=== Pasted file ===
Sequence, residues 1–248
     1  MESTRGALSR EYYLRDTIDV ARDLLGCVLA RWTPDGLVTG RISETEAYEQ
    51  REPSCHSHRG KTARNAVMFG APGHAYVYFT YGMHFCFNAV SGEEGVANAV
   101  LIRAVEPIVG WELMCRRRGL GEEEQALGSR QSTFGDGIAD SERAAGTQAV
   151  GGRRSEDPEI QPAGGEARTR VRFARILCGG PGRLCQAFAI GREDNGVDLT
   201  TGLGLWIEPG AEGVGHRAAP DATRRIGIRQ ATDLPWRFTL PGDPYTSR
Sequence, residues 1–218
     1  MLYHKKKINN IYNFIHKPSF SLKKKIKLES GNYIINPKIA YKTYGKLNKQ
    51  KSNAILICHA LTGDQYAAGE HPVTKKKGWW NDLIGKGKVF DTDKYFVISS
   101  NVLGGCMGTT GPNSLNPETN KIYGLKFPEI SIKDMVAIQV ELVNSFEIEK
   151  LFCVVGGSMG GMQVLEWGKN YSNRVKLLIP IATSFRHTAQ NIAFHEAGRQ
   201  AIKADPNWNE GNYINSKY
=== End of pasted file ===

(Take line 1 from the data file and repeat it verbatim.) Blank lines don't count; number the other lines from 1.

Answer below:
Sequence, residues 1–248